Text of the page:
5 questions to F. Patterson: Why is there more hunger?

Every year in October, the "Welthungerhilfe" aid organisation, with the Irish "Concern Worldwide" NGO, publishes the Global Hunger Index, a tool with which the hunger situation is recorded and tracked on global, regional and national levels. What are the trends - and what needs to be done? Fraser Patterson is a consultant for Welthungerhilfe and concerns himself with the index.

(c) Foto Privat
Fraser Patterson is consultant for world nutrition at the Welthungerhilfe

1. The number of people going hungry around the world has been falling over many years. But not any more. Why?

Over the last three years, this group has grown, namely to 822 million people. The reasons for this are an increase in armed conflicts because working the fields is no longer possible, delivery trucks are held up and food prices rise, and climate change in the form of droughts and flooding. These are the two main drivers. They are joined however by poverty per se. In theory, it is possible now to feed ten billion people, but many often have no access because they can not afford food. Poverty is often a consequence of marginalisation and inequality; four out of five of those suffering from starvation live away from towns and cities, in marginalised places with few opportunities and little education, health provision or functioning infrastructure.


2. So is the goal to beat global hunger by 2030 an unrealistic hope?

We have been on the wrong track for three years. However, the World Hunger Index is showing that it is possible to reduce global hunger because the index values have fallen by 28% since 2000. In theory, an end can be put to hunger by 2030, but it needs enormous efforts on all levels. The goal is very ambitious but attainable. All countries have after all committed to this goal. Now we need to hold the governments of these countries to account.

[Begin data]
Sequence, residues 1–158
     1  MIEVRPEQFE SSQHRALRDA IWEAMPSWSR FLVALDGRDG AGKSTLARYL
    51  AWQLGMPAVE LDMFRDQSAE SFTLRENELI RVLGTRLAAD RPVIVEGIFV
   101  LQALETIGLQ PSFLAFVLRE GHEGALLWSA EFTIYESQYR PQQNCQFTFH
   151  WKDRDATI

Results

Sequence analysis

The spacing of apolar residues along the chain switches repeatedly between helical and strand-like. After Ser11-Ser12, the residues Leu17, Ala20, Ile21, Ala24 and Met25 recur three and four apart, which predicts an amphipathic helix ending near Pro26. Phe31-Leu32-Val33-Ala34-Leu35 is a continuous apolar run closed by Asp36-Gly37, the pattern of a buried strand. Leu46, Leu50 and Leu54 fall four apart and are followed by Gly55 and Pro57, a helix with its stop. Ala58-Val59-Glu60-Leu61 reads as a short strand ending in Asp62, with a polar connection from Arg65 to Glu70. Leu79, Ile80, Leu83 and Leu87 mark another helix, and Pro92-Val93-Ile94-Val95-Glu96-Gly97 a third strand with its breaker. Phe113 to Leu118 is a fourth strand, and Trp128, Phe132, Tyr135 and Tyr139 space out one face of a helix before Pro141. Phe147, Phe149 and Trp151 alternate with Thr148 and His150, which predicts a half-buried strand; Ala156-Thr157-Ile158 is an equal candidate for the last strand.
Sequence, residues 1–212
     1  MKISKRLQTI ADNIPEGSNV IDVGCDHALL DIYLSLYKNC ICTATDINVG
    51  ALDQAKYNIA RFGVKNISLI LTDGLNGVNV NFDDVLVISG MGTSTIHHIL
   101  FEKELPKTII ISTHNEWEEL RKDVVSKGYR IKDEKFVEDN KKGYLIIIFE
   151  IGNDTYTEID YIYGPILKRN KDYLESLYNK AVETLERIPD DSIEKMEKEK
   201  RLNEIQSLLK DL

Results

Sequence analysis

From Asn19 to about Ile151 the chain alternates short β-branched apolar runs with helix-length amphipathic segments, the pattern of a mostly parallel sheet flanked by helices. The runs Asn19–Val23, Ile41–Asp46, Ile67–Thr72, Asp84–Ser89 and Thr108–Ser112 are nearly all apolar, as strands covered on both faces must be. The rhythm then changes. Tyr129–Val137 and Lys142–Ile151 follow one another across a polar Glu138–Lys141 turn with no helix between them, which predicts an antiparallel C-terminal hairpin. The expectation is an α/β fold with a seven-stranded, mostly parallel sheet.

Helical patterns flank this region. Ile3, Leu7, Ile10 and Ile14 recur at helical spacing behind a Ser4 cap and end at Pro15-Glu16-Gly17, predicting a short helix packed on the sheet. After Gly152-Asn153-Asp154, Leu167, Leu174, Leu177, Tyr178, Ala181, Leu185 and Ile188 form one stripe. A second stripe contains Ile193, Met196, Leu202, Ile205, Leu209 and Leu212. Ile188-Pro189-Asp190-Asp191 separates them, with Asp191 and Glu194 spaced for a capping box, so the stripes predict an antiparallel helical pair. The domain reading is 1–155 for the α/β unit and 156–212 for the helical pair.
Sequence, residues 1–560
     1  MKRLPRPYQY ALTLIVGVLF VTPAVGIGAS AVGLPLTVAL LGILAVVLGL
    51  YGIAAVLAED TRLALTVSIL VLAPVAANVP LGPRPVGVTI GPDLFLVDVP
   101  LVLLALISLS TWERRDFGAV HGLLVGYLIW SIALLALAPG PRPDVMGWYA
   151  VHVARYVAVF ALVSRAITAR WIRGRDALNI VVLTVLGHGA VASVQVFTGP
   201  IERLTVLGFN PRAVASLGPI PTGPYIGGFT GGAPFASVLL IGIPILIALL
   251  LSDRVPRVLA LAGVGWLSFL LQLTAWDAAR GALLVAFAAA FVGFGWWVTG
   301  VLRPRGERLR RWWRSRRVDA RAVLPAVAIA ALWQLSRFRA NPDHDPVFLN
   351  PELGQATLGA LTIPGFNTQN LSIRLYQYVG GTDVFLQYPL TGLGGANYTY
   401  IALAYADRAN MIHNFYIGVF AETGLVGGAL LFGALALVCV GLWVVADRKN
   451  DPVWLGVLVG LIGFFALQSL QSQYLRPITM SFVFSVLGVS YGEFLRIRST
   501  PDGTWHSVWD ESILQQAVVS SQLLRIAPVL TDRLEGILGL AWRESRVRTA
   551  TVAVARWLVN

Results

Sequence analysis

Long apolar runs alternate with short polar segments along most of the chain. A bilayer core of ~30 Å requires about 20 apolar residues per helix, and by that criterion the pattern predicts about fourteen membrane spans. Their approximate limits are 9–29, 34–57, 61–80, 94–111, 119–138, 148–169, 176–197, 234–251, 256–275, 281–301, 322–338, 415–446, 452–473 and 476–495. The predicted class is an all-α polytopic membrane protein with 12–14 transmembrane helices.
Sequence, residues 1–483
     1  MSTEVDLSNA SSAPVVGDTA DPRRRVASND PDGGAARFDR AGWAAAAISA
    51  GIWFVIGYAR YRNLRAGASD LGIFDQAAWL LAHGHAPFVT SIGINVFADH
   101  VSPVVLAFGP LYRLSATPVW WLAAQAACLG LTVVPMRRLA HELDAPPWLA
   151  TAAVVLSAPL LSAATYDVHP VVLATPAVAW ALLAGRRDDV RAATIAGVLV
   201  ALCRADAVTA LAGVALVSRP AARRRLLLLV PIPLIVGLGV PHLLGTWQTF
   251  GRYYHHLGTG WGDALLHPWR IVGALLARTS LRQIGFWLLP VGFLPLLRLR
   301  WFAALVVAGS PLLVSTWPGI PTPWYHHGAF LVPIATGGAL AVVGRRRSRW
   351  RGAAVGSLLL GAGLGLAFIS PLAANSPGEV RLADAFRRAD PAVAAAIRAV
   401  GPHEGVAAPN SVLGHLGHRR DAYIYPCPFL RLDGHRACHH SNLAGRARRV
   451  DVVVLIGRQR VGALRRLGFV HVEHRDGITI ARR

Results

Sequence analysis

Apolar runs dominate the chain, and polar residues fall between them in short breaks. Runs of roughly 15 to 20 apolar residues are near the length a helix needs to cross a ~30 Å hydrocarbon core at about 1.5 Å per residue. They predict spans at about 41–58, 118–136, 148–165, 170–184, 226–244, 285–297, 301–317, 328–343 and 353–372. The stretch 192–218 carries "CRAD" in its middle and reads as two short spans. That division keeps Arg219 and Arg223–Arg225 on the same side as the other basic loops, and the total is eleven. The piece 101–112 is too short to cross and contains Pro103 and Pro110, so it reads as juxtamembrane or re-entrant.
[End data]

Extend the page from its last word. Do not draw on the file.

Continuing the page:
3. What needs to be done then?

Armed conflicts need political solutions – this is where governments in particular must act. And climate change needs to be tackled, by meeting our climate goals in the global north and helping poorer countries adapt to the effects of climate change. And, the tackling of poverty and hunger must take topmost priority in development policies. The focus must lie here primarily on countries developed the least, such as in Africa south of the Sahara, and in Southern Asia. Investment is required here in rural development and smallholders – because it is they who produce the most food in these regions.


4. What role is digitisation playing in agriculture?

Digitisation can play an important role. There is huge potential in this area, but it must be accessible for the poorest. These technologies are often too expensive for smallholders, or they are not available in remote regions. Welthungerhilfe is also working on digital solutions – such as apps for farmers. It is key for us here that they are developed together with those living locally.


5. So what is going wrong in rich countries?

We are the prime causer of climate change and must finally meet our climate goals. It also needs coherent policies - international trade policy should not undermine the successes of development collaboration. The UN guiding principles for business and human rights should be implemented by governments and the business world. It is possible for us to bring about a trend reversal in coming years and reduce again the number of starving people across the world. But for this, we need to see more efforts - from the rich countries too.


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